Clause 11

Serious Crime Bill [Lords] – in a Public Bill Committee at 3:00 pm on 28 June 2007.

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Notice requirements in relation to orders

Photo of Douglas Hogg Douglas Hogg Conservative, Sleaford and North Hykeham

I beg to move amendment No. 107, in clause 11, page 8, line 7, at end insert—

‘(1A) The subject of a serious crime prevention order is not bound by it unless, not less than 56 days before the date on which the application for the making of the order was heard, the subject was served with a notice setting out the terms of the proposed order together with a copy of all the written evidence and a summary of all the oral evidence that would be relied upon.’.

Photo of Joe Benton Joe Benton Labour, Bootle

With this it will be convenient to discuss amendment No. 108, in clause 11, page 8,line 11, at end insert

‘but if a court is satisfied that the subject of a serious crime prevention order has not received that notice and is not otherwise aware of its terms, the notice shall be deemed not to have been served.’.

Photo of Douglas Hogg Douglas Hogg Conservative, Sleaford and North Hykeham

These amendments have two quite separate purposes. The purpose of the first is that the person against whom the order is sought should be given due notice of the terms of the order and of the evidence that is to be relied upon. The purpose of the second amendment, differently, is that in appropriate circumstances the deemed notice will be disapplied.

May I explain briefly what I have in mind? It is a matter of natural justice that a person against whom an order is sought should be told in good time the terms of that order. It is in accordance with the principles of natural justice that the prospective subject of the order should have a clear indication of the nature of the case being put against him—or her—so that he can respond to it.

It is not clear from the Bill what the procedure will be for giving notice of the orders sought for satisfying the court of the requirements. The Bill is silent on that point; perhaps rules will be made later that will give  guidance. However, as a matter of general principle, due notice should be given of the terms of the relief being sought and of the nature of the evidence.

The second amendment relates to the effect of the notice. There is a provision for deemed notice, which is to be obtained by sending it by recorded delivery tothe last known address. Consequences flow from that, namely, that the person is bound by the order and if that person is in breach of the order, penal sanctions attach.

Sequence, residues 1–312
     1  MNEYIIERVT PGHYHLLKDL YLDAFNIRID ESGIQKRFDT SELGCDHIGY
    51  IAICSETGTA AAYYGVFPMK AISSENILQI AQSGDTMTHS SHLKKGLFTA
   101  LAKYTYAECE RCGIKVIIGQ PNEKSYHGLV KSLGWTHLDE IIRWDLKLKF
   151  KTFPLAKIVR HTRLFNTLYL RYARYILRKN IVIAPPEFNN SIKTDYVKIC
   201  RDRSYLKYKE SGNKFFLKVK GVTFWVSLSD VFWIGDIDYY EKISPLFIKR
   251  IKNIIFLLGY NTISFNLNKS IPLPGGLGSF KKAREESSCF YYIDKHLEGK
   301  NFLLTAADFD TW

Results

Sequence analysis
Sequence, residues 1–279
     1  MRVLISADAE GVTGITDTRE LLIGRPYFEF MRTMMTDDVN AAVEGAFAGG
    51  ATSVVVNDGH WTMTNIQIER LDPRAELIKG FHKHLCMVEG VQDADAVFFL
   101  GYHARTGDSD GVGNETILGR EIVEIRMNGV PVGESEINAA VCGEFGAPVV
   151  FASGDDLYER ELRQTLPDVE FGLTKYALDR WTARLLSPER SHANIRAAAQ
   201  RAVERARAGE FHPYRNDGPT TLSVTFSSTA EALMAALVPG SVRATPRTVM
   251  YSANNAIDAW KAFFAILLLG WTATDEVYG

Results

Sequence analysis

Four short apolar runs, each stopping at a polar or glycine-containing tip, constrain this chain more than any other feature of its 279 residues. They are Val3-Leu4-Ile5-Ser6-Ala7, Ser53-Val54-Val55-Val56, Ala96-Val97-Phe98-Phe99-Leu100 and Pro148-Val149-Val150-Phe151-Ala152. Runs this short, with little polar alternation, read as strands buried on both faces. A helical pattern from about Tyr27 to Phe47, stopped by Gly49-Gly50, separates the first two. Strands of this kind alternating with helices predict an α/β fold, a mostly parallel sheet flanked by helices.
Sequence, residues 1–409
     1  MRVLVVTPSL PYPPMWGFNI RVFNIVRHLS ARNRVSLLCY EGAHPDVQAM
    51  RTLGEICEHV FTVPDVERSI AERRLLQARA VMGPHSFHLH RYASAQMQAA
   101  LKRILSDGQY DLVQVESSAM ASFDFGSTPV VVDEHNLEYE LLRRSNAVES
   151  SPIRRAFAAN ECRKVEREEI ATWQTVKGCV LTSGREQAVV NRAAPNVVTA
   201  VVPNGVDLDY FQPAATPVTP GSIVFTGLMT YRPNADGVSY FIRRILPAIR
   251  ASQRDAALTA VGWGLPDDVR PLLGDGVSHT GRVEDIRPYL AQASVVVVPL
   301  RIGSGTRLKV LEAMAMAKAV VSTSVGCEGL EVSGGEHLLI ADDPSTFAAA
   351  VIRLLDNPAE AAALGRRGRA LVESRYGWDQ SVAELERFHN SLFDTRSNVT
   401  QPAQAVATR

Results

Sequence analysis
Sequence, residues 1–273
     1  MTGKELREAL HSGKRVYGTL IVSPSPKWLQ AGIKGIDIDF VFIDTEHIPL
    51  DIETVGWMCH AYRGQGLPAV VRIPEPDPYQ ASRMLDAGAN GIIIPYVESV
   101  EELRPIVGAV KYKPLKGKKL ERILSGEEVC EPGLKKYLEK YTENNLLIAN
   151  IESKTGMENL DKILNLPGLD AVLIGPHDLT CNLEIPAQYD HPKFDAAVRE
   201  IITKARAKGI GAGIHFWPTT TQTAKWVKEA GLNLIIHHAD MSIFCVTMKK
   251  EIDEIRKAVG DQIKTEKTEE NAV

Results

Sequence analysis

However, there may well be wholly reasonable circumstances when, notwithstanding the fact that the notice was sent to the last known address, it was not received. The person who was the subject of the order but who did not receive it should be given the ability to go to the court and ask for the notice to be disapplied. I am prepared to accept that this is one area in which the reverse burden of proof is probably appropriate, and the onus of proving non-receipt should lie with the person to be affected by the order. In terms of natural justice, both the provisions, or something like them, should be incorporated in the Bill.

Photo of Vernon Coaker Vernon Coaker The Parliamentary Under-Secretary of State for the Home Department

If the right hon. and learned Gentleman will bear with me, I may say something at the end of my remarks that will be helpful to him, to show that we try to listen—

Photo of Crispin Blunt Crispin Blunt Opposition Whip (Commons)

Why not say it at the beginning?

Photo of Vernon Coaker Vernon Coaker The Parliamentary Under-Secretary of State for the Home Department 3:15, 28 June 2007

Mr. Benton, I have pointed out the number of times we agreed with the Opposition in the House of Lords and amended the Bill accordingly. We tabled an amendment on armed robbery, which we included in the schedule. The schedule was voted against, even though it included something that the Opposition wanted. I was about to say something reasonably positive to the right hon. and learned Gentleman and I get scoffed at—my confidence is seeping away as we continue.